|Jim Edwards, Composition in Blues|
I am looking at the horn, not from abandoned delight or quiver.
Could have been the blue as it caught me right up front,
Maybe just the simplicity – is this a cardboard stunt?
That little thing we often refer to that lives in you – me,
Way down- tests you to look! Stop! See!
Screaming – take me, take me.
When you play your soul from a piece of brass
You share your heart be it bop or jazz -
When your carriage rises to the blow from you
The victors are shared by all –what is his follow through?
Reflections on curling his sleeves-- just so,
Bucks or saddles “stand your collar”-- You want to go?
Milano’s, a second street jam, a Sunday treat.
He was 15 –He never missed a beat.
As the blues penetrated his being, he got his game.
I recall when I asked him what tunes to blame.
“Want to’ bring some passion to the session,
What is the vinyl choice, brother?”
Would you imagine Herb Albert or pick another?
He blew his horn and blew it well
The equalizer -- the music, not fear of hell.
He grew with a pucker mark on his lip.
He grew, he become-he left the pip.
My brother blew a horn and blew it well.
His heart never put away that gel,
He quit blowing -- arranged his music surround,
Protecting from his Langley den, underground.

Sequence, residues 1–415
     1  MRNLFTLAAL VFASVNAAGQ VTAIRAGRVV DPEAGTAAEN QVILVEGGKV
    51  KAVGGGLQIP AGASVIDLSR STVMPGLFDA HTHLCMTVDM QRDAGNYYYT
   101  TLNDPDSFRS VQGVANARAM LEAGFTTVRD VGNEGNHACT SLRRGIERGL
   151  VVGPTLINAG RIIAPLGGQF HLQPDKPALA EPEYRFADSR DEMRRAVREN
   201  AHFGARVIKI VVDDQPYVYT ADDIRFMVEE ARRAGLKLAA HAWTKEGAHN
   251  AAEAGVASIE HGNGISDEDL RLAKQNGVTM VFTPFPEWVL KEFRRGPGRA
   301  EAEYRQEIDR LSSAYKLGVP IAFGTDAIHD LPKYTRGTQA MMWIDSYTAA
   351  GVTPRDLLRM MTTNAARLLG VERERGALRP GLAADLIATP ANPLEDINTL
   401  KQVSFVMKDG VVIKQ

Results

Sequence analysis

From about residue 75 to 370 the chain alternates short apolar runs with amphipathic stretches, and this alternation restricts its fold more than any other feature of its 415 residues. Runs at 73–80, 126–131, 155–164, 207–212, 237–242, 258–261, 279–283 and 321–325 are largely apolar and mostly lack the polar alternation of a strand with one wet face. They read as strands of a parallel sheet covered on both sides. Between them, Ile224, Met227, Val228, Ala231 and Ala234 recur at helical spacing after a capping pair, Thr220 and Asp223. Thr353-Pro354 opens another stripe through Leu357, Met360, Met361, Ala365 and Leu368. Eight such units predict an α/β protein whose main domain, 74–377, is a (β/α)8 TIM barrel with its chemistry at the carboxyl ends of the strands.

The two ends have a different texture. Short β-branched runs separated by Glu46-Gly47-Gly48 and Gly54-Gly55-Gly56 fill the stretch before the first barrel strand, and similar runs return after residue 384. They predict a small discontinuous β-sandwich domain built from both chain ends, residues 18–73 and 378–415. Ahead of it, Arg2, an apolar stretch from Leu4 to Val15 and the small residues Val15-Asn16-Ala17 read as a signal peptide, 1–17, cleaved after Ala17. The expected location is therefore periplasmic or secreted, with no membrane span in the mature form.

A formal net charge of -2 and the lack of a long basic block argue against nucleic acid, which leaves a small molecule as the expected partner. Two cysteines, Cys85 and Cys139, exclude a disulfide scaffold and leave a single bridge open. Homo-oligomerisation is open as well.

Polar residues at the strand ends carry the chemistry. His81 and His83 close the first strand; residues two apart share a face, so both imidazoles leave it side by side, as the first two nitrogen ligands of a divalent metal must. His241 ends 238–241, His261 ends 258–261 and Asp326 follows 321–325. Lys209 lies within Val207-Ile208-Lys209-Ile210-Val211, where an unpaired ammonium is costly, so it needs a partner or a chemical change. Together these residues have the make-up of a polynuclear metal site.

|Mary Ellen Strack, Into the Allerton|
For the anniversary of your husband’s death we drove
not to a church, but to all the roads we could think of
where trees canopied the pavement like naves.
Our trek through foliaged tunnels, highlighted by day
glittering through leaves.
We shared a love of nature and treasures hidden
in plain sight, strived not to miss the rapture or roar
of life – a host of 22 Fu dogs lined a garden
concealed by cornfields and farms; knobby apples,
sculptures hung on an installation of tangled arms.
Now seven years since your spouse suddenly died
I am in mourning for you dear, sweet friend.
A Caledonian forest fills the glades in my head
when in reality, the giants have almost all been slain to ash.
Your porch sits empty where we once journeyed
on rocking chairs across painted planks,
laughter accented our song of conversation.
You joked that your veranda was a womb, and now
I wonder if we’re always seeking re-entry into sanctuaries such as these.
Death can whittle away even the tallest oak to twig
disturb steadfast bark off-kilter from its trunk.
Somewhere I heard that trees don’t ache or cry
but here today, returning to our cathedral in the woods,
we are all bent over in the most solemn pain and prayer.